Ex. Sent. 1) “The subject was anything but frivolous: donning a garment is a complicated act.”

Ex. Sent. 2) “But when it comes to larger historical events, such speculations tend to seem frivolous and beside the point.”

Vocabulary list:

  • Apologist
  • Symbiotic
  • Donning
  • Fervently
  • Latent
  • Bottleneck
  • Pullulating
  • Incursion
  • Calamity
  • Teeming
  • Haphazardly
  • Taut
  • Scoff
  • Plasticity
  • Heartening
  • Banishment
  • Implausibility


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9 Responses to GRE Article of the Month – November 2012

  1. Koustuv March 4, 2015 at 9:31 pm #

    Hi Chris! Can you fix the link of this essay which redirects to another Article of the Month Essay, A Nose for Words of the New York Times. In that Magoosh page ( however the link is broken.
    Thanks for this blog, its immensely helpful and rich with content!

    • Rachel Wisuri
      Rachel March 5, 2015 at 2:09 pm #

      Hey Koustuv,

      Thanks for pointing that out! I just fixed it. 🙂

  2. Divya August 16, 2013 at 11:42 am #

    “Oprah’s book club, without the book, and I suppose the club”!!! Ha ha ha! I love your sense of humor, Chris!!! So many times, it has saved me from getting bored or falling asleep (esp after lunch!) 🙂

    Thanks for the link, that was a great read! Whew! My brain feels totally worked out! As an arts student, I have difficulty paying attention during the science passages, so that was great practice! Am off now to practice some RC with questions! 🙂

    • Chris Lele
      Chris Lele August 20, 2013 at 1:10 pm #


      Glad you are finding the reading articles (and the accompanying commentary) fun! Also, happy that the article gave you a work out. Test day there may be one of those dense reading passages, so it is good to give the brain into shape :)!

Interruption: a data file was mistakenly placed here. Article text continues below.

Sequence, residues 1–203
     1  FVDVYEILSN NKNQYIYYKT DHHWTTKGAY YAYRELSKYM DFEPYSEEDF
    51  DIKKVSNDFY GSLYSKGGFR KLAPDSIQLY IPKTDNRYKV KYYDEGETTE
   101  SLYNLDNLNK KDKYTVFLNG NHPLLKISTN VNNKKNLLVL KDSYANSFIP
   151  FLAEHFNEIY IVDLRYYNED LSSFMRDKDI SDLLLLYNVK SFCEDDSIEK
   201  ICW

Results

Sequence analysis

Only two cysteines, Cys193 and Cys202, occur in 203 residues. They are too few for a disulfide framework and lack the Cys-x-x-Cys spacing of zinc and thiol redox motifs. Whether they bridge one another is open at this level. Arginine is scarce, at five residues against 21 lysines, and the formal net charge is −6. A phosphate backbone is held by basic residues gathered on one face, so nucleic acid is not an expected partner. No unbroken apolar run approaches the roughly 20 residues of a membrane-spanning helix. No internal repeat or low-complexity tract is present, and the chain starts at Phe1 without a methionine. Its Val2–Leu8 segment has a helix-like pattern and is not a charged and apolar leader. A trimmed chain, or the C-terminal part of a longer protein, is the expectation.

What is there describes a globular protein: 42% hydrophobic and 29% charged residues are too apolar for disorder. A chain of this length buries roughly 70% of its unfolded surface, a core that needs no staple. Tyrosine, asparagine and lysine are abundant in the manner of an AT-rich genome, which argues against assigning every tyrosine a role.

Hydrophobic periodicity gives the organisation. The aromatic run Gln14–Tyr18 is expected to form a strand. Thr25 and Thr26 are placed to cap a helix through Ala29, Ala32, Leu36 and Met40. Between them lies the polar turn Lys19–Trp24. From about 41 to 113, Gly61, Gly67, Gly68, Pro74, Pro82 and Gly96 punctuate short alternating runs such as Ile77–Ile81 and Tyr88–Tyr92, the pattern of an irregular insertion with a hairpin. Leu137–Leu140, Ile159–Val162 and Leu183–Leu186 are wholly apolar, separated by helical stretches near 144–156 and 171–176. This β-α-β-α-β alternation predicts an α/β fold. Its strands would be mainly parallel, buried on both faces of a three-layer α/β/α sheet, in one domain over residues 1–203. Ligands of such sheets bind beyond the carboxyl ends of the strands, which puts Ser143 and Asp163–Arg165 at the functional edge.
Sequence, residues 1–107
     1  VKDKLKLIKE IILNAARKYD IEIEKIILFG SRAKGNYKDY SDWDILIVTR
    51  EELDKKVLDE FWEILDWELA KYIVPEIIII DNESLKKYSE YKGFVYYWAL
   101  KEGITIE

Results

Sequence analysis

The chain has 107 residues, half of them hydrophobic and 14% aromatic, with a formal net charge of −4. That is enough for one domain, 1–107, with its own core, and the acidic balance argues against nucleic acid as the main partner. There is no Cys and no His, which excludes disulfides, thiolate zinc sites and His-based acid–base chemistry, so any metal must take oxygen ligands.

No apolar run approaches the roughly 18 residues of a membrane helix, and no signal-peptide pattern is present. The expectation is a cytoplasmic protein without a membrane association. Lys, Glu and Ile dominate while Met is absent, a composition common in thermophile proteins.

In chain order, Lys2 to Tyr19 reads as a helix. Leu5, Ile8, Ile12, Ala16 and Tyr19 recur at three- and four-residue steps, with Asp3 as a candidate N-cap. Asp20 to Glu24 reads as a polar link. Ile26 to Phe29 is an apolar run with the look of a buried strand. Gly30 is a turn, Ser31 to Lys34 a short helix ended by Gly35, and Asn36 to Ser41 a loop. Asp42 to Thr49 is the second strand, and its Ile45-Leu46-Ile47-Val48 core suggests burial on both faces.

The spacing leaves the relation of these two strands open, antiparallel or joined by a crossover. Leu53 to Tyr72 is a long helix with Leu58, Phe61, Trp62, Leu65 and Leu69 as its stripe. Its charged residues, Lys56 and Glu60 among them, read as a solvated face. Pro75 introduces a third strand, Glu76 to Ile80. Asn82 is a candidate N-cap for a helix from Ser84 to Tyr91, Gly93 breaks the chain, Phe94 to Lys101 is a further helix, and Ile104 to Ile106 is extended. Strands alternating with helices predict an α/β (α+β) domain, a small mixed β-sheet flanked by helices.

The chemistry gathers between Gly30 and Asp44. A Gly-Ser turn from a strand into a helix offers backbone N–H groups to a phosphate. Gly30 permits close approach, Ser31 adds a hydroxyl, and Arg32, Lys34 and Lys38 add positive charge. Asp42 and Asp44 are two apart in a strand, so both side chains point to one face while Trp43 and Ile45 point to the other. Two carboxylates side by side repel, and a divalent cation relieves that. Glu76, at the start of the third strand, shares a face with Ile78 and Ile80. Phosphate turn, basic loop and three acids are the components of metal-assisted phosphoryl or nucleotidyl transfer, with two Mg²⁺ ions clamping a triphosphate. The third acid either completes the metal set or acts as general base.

Good luck!

  3. Nicki November 19, 2012 at 9:14 pm #

    Hi Chris. I found your website online, and signed up for Magoosh services yesterday. Love everything! So I checked out Longreads, and it is fabulous! Read two amazing articles, one about The Grateful Dead and the other about a recently solved cold case murder in the hip hop community, and saw about 30 GRE words. Can’t beat good reads plus GRE words.

    Thanks for the tips!

    • Chris Lele
      Chris November 20, 2012 at 4:32 pm #


      Great, I am so happy you are enjoying Magoosh thus far! And Longreads is great! I’m currently reading one of the articles you mentioned above! It’s a great way to learn and reinforce GRE vocab.

      Good luck :).

  4. Barbara November 9, 2012 at 9:28 pm #

    I thoroughly enjoyed this article. It was quite lengthy, but overall a great read, with some cool ideas and arguments. However, I did not find it as convoluted as some of the articles I’ve encountered on the GRE (I’m studying to take it a second time). Perhaps that had more to do with how familiar I am with the subject than other topics, and because the author is a fantastic writer (His book, 1491, offers great GRE practice as well, with a nice blend of academia and GRE-words). I guess that just goes to show that if I get in the mind frame of “loving” whatever I’m reading, it will be easier to understand! Thanks for posting this article. I’m definitely going to add the website to my list of GRE-worthy reading sites!

    • Chris Lele
      Chris November 20, 2012 at 4:42 pm #

      Hi Barbara,

      You bring up a good point – this article, and many that I recommend, aren’t quite as convoluted as GRE passages. As I risk putting readers to sleep, I want to recommend something that is interesting, yet filled with GRE words. Also, for many who don’t read much, articles such as Mann’s, provide a nice transition from little-reading to dry, convoluted GRE reading.

      I’m glad you liked the article. Hopefully for December, I can find something equally engaging :).

      • Han October 20, 2014 at 9:47 pm #

        You are very helpful!